Teach The Whole Counsel

Irven Lee
Hartselle, Alabama

Every true Christian is eager to see the truth spread and cover the earth. All who read the New Testament carefully understand that the great mission or commission under which we work is to teach all nations. The gospel is to be preached to every creature (Matt. 28:18-20; Mark 16:15, 16; Luke 24:47).

We are allowed much liberty to use many available means of teaching just as we may use different means to travel. The apostles never traveled by car, train, bus, or plane, but we do not sin by using such means today in going to various places to preach the word. He told us to "go teach," but He did not specify a method of travel or a method of teaching. He did specify what we are to teach. He specified that we preach or teach the gospel, including all things that He commanded us (Matt. 28:20). The method of teaching or traveling are general or generic commands, but the Lord was very specific in giving the content of the message.

Some useful teaching is done by sermons delivered to the assembly. The audience on such occasions may be aliens or saints. We should not go beyond that which is written, but there is much truth to cover if we would preach the whole counsel. We should use the best judgment we have in selecting the part of His counsel that is most needed when and where we preach. If one is to speak time after time to practically the same audience, he should try hard to get to the whole counsel sooner or later (Acts 20:26, 27). This is very important. The congregation should be fed a balanced spiritual diet and not be given the same few lessons over and over again. Repetition is important, but there are many things to emphasize by repetition.

Some of the most effective teaching is done privately. On such occasions it is possible to learn of the special needs of the one being taught so that time will not be consumed on those things that are already understood. One can deal with the special prejudices and special needs of the listener, and he can deal with the questions that the learner is ready to ask. When one preaches to a large audience, he does not expect to complete the task in one lesson. In a similar way, many hours of study may be necessary to convert one friend or neighbor, but the value of one soul and the joy of accomplishment make it worth every hour that is used in converting one person.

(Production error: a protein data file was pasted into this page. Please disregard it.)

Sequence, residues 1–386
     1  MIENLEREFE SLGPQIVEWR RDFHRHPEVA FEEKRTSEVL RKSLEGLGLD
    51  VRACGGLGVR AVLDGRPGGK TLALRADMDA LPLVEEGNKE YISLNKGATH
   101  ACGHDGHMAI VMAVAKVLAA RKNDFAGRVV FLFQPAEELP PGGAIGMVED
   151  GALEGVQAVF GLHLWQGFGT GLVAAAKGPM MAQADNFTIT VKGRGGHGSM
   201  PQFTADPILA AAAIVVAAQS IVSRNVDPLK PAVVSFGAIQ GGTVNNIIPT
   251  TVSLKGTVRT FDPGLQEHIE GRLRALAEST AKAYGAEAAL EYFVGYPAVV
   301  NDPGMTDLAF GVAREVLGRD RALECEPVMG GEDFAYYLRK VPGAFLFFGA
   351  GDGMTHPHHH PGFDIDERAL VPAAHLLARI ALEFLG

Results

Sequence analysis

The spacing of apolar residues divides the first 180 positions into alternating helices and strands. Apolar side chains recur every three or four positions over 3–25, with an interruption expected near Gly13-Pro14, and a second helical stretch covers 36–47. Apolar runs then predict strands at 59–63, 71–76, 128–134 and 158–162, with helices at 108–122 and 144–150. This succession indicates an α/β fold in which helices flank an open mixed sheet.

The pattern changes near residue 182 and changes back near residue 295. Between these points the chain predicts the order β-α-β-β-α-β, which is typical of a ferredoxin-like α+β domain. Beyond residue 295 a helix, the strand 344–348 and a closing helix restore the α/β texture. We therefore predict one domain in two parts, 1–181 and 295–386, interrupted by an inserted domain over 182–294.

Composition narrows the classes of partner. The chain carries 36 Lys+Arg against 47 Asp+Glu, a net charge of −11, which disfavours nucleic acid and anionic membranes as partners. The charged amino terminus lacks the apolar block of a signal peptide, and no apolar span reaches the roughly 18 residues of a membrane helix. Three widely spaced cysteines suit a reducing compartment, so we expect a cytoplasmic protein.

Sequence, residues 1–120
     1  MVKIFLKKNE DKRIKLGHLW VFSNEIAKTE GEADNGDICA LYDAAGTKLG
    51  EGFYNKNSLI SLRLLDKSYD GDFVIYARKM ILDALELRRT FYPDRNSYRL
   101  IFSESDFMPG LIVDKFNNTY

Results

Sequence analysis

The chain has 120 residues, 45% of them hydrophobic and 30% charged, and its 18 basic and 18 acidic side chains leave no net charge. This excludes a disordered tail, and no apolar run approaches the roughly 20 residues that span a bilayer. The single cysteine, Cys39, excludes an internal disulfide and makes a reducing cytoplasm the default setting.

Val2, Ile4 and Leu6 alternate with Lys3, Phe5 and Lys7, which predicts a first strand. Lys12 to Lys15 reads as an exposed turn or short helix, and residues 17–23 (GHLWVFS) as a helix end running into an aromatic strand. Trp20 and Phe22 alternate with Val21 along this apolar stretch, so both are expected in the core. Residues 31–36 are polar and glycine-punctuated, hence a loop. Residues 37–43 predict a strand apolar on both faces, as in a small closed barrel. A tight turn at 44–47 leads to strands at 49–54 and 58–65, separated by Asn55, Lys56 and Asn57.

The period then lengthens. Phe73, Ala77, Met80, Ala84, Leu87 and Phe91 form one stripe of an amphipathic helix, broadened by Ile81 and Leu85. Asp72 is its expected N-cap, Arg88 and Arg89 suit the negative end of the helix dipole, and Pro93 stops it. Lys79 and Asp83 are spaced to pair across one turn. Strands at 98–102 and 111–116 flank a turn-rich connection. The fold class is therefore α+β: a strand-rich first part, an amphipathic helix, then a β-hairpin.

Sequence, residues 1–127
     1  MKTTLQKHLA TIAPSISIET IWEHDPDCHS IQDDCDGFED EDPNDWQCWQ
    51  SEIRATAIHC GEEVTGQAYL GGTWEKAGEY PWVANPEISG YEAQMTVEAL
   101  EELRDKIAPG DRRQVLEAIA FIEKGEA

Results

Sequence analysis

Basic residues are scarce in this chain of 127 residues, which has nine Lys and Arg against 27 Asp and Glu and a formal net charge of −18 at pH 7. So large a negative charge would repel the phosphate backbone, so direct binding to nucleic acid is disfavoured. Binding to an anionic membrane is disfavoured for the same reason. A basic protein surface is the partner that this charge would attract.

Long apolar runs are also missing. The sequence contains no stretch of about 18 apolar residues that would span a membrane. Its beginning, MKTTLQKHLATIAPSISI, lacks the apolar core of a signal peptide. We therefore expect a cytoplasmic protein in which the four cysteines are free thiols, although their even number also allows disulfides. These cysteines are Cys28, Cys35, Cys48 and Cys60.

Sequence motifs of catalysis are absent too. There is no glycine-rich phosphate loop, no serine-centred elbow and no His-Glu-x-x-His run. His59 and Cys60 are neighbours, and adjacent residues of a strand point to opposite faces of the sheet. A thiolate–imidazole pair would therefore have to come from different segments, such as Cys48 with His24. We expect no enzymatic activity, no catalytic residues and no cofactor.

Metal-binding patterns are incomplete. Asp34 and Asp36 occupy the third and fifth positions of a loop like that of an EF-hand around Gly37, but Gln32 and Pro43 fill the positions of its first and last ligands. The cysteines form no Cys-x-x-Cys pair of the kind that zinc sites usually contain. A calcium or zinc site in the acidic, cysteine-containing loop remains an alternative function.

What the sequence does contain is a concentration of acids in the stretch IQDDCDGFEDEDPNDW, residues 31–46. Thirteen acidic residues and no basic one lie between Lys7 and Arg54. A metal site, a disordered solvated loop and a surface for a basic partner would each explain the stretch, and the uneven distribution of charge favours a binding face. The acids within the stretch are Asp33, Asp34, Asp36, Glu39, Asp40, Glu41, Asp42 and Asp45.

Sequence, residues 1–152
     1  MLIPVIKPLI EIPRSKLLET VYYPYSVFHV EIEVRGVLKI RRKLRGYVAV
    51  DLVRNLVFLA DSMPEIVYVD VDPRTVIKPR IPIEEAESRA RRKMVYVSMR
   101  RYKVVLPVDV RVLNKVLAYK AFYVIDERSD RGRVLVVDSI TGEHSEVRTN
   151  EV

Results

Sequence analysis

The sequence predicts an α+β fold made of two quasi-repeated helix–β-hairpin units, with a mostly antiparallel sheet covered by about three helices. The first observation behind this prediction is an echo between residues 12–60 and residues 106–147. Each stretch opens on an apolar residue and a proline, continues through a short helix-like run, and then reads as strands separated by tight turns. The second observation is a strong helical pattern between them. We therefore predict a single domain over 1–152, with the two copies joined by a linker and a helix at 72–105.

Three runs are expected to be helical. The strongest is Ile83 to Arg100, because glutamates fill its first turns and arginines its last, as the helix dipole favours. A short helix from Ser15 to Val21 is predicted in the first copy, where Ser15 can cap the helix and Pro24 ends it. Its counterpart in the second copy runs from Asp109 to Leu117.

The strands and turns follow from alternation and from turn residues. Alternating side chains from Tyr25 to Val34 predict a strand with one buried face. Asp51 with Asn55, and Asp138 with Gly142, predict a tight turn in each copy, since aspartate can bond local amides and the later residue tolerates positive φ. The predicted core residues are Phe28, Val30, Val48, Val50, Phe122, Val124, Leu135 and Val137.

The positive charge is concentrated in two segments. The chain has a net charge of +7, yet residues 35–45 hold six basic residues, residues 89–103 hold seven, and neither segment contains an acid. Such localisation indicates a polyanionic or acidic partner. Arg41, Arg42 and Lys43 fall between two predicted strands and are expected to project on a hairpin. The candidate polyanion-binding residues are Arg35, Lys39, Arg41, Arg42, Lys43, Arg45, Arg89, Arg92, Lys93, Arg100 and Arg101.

The New Testament itself is an example of teaching by means of written material. Much is accomplished in our generation by written material. One way that even the babe in Christ can help in spreading the truth is by handing printed sermons to those who might read. It is unfortunate that our nation is not a nation of readers. Recreation, television, or two jobs for earning more money cut down on the time for reading. Many complain that the school system graduates many illiterate people today who find reading difficult and unpleasant. There are many that may be taught much truth by the printed page. Let us use this method freely. Why are there not more homes with religious periodicals, or good books, or tracts handy for the family?

Whom are we to teach? Every creature in all the world. What are we to teach? The whole counsel of God. Should we be discouraged by thinking of the amazing assignment? It would not be as impossible as it sounds if we could capture the spirit of the early Christians. When one was taught, he was to begin his struggle to become a teacher. (Heb. 5:12-14; 2 Tim. 2:2; Acts 8:4.) In a few decades, the word had been carried from nation to nation in a persecuting world that offered only slow means of travel and with no radio, television, or printing press. Look at what they did and marvel (Col. 1:23). A snowball that a person can hold in his hand can become huge by rolling it in the snow. When Paul and one companion would start out to go into a pagan world, the number of skilled workers would start multiplying. There would soon be Timothy, Luke, Titus, and many others along with the two who went out from Antioch (Acts 20:4; Phile. 1, 2, 23, 24). Too many continue to sit and be taught rather than to become teachers.

Teachers of the word are not all men who spend their whole time preaching to assemblies while receiving full support from the church. Each church needs elders that are apt to teach, and there is a need for qualified teachers for the classes. Many of us have been helped very much in well-taught classes. On the other hand there are many classes that are not well taught. Those who are excellent teachers of the word do both public and private teaching (Acts 20:20). Should not each faithful man become a teacher? Should women forget their job to teach women and children (1 Tim. 5:14; 2 Tim. 1:5; 3:15; Titus 2:3-5)?

Truth Magazine XXIV: 36, p. 578
September 11, 1980